E.U. importers believe new organic accord will boost U.S. trade
U.K. top fruit importer Empire World Trader, which supplies retailers Marks & Spencer and Waitrose, described the new agreement as a positive step.
Technical manager Angus Calder, said his company currently only imports apples form the U.S. but welcomed the new synergy.
“In the past American fruit was not as organic as European, they were allowed to use some more things. Now it’s all on a level playing field and it’s organic in both markets; it obviously helps growers supply the E.U.”
Dutch business Berrico Food Company BV sources fresh and dried cranberries, dried blueberries and frozen blueberries worldwide for the food industry.
Berrico purchasing manager Rosita Chang said her company currently imports from Canada but not from the U.S.
“We might consider importing something, it depends on the price and availability and what we are looking for. Generally speaking I welcome equivalency, it makes importing easier and more accessible and helps improve frequency.”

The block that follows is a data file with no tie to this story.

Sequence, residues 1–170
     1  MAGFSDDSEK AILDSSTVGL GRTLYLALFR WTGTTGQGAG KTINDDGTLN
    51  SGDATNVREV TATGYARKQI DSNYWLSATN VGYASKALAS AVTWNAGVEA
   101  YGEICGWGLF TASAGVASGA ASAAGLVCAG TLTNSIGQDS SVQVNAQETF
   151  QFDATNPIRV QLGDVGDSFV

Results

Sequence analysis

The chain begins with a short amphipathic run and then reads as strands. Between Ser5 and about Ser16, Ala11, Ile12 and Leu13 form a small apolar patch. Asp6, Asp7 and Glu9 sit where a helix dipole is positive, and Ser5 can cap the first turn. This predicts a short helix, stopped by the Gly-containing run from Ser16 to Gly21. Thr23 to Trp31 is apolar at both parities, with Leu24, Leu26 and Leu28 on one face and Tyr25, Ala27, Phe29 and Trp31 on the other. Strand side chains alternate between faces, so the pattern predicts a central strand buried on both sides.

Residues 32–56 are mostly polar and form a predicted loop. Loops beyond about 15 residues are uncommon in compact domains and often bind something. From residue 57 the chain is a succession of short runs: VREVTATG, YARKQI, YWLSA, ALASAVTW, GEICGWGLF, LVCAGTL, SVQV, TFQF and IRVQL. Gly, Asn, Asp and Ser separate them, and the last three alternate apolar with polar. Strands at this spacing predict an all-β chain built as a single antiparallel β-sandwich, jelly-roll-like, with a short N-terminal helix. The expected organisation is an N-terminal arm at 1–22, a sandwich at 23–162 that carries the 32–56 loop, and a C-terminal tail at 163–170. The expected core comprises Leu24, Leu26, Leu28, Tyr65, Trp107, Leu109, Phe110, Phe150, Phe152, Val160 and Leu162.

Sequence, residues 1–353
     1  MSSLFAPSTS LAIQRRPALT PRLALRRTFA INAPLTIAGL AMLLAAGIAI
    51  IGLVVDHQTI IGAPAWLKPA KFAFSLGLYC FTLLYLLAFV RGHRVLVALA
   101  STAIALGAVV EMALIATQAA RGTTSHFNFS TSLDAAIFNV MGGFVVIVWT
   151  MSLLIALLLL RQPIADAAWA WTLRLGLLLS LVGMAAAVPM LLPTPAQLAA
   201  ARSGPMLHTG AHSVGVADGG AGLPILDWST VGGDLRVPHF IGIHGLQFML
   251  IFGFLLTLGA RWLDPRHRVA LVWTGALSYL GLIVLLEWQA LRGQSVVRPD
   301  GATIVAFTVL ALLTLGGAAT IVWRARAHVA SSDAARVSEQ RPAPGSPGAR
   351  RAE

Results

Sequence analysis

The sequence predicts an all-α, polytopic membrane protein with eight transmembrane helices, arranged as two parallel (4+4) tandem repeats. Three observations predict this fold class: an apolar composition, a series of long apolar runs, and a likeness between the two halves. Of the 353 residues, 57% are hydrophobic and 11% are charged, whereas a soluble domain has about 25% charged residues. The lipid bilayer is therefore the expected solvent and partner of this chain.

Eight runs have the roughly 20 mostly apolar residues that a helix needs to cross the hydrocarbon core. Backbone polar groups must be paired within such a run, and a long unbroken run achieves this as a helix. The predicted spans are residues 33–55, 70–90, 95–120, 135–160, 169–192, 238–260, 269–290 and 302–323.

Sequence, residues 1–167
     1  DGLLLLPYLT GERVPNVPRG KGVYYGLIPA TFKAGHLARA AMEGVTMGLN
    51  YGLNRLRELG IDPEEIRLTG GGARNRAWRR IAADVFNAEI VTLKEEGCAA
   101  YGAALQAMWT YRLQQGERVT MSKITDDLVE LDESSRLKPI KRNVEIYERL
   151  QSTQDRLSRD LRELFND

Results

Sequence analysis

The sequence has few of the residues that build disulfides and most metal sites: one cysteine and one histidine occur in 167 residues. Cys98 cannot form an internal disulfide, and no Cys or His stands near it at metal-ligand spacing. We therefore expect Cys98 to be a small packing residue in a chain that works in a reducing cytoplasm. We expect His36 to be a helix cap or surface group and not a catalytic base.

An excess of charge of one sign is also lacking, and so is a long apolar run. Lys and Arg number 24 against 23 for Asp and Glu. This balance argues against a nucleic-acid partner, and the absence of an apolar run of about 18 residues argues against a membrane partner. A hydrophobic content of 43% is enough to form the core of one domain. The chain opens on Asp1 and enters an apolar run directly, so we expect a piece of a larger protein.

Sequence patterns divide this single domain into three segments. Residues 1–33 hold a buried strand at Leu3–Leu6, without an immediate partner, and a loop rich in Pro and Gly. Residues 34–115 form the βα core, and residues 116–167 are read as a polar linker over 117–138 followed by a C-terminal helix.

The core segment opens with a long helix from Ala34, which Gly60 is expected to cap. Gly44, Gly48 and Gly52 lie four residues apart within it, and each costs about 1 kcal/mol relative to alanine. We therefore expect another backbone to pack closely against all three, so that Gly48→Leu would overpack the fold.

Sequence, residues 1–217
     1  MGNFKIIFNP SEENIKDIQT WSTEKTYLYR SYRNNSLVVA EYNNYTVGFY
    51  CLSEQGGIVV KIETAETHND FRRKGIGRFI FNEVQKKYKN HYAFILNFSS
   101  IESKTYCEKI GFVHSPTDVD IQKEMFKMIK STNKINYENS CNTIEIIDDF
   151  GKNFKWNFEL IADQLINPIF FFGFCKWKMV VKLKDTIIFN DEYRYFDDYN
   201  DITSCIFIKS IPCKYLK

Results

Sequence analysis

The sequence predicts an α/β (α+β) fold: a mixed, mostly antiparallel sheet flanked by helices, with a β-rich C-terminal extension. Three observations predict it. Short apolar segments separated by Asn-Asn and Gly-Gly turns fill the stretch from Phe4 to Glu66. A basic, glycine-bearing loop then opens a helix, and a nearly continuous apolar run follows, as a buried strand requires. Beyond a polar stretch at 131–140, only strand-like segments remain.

Tradin Organic Agriculture BV – a subsidiary of Canadian SunOpta Inc – sources nuts, frozen, dried and fruit concentrates from its own companies worldwide.
Commercial import manager Barend Reijn said he was pleased about the accord.
“Certainly it’s a good thing, more equivalency between certification agreements provides mutual opportunities.”
Dutch organic importer Bio-center Zann owner Ingrid Rog, whose company supplies major European supermarket chains such as Germany’s Plus, was also positive.
“I hope it will help us. I hope the U.S. standards will be the same for growers in Holland who can send organic produce over there.”
But she said currently the U.S. was not an attractive option because of the distance and the dollar’s strength against the euro.
The U.S. signed a similar partnership with Canada in July 2009, and additional equivalency arrangement conversations have begun with South Korea, Taiwan and Japan.
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